Couples you should know

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Zawadi Lompisha

“I think we are lonely as a couple,” my husband began.

“Why do you say that?” I asked.

“It appears to me that we always hang around each other and don’t have any couple friends who we can call on at no notice and just hang around,” he explained.

“Haven’t we discussed this before and agreed that there seems to be little choice when you look around us?” I replied.

I was referring to a discussion we had held a couple of years ago about why we were finding it difficult to have peer couples to spend time with. Our problem arose from the fact that we were finding it very difficult to have genuine friendships to our relationship. Individually, we each had “best friends” who we had known for a long time; actually even before we knew each other. Our relationship and subsequent marriage had not dented those friendships significantly enough to end them.

However, the same was not the case when it came to relating with other couples. We just never seemed to raise those relationships to any serious level and had one day stopped to ask why.

One of the couples we knew fairly early in our marriage. They were older and, therefore, more established financially and socially. To them we were underdogs who relied a lot on them to help us find our way around different issues in our marriage. In those days, we did not have a car and relied heavily on hiking lifts from them whenever we had late-nights-out.

Over the years, our lot in life improved. We bought a car, moved to a bigger house and generally became less dependent on them. What came as a surprise to us was the fact that our friends didn’t seem very happy with our progress and would utter negative comments about our changed lifestyle. They begun avoiding our invites to visit with us and we were less and less involved in their life. It did not take long for us to realise we were not wanted and gradually we drifted apart. Now, we rarely meet.

My husband and I were quite taken aback when we realised that our friends, by their conduct, were implying that they would rather we remained down and low and did not rejoice with our successes and growth in life.

As I look around and talk to different couples, what comes out strongly is that many long for genuine couple friendships but have difficulty forming any. In some instances, a husband will hit out at his friend’s wife and unfortunately, that will lead to an extra-marital affair that leaves two terribly wounded spouses. Other times, couples will be in an unspoken competition with each trying to outdo the other. Who drives the bigger car? Who is in a bigger house? Who has had more holidays?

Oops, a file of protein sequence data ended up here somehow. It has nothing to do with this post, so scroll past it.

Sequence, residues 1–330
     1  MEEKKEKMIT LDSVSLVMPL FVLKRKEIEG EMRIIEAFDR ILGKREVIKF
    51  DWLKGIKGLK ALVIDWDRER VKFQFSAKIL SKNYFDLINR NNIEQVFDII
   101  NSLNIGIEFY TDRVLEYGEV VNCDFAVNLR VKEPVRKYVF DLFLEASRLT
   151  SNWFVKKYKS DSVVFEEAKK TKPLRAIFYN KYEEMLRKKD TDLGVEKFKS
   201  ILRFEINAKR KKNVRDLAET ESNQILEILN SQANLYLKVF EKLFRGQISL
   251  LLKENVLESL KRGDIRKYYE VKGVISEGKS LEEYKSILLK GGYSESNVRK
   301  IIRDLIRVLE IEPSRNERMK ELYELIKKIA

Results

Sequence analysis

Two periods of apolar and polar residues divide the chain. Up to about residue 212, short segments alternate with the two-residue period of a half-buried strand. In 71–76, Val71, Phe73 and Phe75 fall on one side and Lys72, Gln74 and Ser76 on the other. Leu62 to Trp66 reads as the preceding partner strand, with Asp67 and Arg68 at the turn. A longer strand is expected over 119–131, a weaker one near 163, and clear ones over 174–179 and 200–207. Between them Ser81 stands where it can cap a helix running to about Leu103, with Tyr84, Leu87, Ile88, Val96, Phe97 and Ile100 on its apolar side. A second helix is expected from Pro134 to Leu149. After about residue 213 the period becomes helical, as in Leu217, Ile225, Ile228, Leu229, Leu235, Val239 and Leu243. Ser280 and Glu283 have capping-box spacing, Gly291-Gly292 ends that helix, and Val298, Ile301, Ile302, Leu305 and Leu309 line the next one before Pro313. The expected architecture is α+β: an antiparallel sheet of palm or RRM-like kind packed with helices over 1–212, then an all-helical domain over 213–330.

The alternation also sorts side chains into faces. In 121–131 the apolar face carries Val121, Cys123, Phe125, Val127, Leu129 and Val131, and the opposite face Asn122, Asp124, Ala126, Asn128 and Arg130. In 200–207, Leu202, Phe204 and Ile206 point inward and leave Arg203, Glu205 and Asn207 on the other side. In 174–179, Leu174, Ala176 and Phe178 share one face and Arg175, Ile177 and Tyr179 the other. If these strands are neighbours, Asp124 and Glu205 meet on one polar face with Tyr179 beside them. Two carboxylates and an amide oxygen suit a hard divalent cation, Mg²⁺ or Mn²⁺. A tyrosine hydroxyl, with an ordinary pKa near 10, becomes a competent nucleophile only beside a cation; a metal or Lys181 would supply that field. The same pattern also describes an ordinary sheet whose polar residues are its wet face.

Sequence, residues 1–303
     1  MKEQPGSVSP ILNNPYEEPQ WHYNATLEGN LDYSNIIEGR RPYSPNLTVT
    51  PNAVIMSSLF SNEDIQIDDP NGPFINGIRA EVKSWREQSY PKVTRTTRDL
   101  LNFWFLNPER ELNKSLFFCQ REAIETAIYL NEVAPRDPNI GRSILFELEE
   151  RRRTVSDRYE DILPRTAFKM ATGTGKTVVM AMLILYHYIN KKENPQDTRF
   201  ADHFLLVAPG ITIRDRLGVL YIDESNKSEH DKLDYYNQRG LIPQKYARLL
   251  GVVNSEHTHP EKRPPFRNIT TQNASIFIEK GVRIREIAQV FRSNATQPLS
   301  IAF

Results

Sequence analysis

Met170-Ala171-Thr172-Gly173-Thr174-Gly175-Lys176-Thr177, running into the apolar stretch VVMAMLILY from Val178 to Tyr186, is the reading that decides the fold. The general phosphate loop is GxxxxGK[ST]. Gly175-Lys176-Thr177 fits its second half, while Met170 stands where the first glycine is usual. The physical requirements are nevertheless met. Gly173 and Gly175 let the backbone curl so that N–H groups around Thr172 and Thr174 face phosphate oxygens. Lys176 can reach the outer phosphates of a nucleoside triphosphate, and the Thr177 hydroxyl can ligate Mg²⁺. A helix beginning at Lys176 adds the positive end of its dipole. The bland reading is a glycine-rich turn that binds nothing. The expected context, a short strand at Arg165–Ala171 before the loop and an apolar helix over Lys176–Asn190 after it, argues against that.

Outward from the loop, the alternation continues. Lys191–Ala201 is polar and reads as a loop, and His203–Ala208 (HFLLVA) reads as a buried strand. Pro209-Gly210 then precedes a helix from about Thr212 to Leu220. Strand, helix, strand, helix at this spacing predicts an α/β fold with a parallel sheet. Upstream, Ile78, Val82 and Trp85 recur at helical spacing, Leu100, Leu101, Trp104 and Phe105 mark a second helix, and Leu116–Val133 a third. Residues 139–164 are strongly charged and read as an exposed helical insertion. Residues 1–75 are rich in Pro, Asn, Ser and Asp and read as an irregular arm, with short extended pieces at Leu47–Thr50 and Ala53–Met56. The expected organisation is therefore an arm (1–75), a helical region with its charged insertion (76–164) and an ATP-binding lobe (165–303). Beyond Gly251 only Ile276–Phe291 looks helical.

We have found ourselves very cautious about which couples we consider our friends and have set down a criterion by which to judge who we can invest our friendship in.

Are they genuine?

By genuine, we look at whether the couple presents an honest and open relationship to us. We will steer away from couples that only want us to see a picture perfect relationship that does not have any problems or difficulties. No relationship is perfect and we believe when we relate with a couple that allows us to peer into their difficulties and we can share our own, then we can have a place where we can grow together as we work through them.

Do they care for us or are we competitors?

We have no place for a jealous couple. Once was enough. We need to walk with friends who rejoice with our successes and cry at our losses. There are couples who will be happy when you go through a negative patch, like loss of a job, because then, they get ahead of you. Of course no one will ever come outright and tell you that they are happy your husband lost his job, but there are ways of telling these things.

When I was growing up, my parents had some neighbours who always wanted their children to be better than us. So if my mum bought me a dress, the neighbour’s daughter was bound to have a new dress in no time and her mum would make sure to let my mum know how much it cost. I remember hearing my dad and mum asking each other why the neighbours always thought we were in competition.

For my husband and me, a competing couple is more of a foe than a friend and we would rather stay away from them.

What’s their value system?

What do they believe in? Are they firm believers in the institution of marriage or do they think that a quick getaway is always a viable option when things are not working? For us, this is important because we believe that a husband and his wife must be ready to fight for their marriage in the face of the slightest danger. In our book, divorce is never an option and so we want to relate with couples who will be quick to remind us of this — God forbid, if we ever contemplated it — and not people who will readily refer us to divorce lawyers at the slightest whiff of disagreement.

There is a saying that a person’s character is known by the company he keeps. We have aspired to surround ourselves with couples whose company will help us keep our marriage and relationship intact.

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